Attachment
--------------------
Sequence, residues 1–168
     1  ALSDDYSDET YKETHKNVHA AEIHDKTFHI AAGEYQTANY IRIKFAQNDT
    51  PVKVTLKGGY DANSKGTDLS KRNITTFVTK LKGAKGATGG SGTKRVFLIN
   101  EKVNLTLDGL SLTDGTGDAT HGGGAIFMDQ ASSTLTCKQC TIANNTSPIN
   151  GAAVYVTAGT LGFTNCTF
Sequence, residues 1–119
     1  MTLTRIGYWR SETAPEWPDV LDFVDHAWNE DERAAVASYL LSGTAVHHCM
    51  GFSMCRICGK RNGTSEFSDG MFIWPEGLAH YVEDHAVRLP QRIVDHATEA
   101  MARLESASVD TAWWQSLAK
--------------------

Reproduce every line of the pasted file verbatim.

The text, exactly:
Sequence, residues 1–168
     1  ALSDDYSDET YKETHKNVHA AEIHDKTFHI AAGEYQTANY IRIKFAQNDT
    51  PVKVTLKGGY DANSKGTDLS KRNITTFVTK LKGAKGATGG SGTKRVFLIN
   101  EKVNLTLDGL SLTDGTGDAT HGGGAIFMDQ ASSTLTCKQC TIANNTSPIN
   151  GAAVYVTAGT LGFTNCTF
Sequence, residues 1–119
     1  MTLTRIGYWR SETAPEWPDV LDFVDHAWNE DERAAVASYL LSGTAVHHCM
    51  GFSMCRICGK RNGTSEFSDG MFIWPEGLAH YVEDHAVRLP QRIVDHATEA
   101  MARLESASVD TAWWQSLAK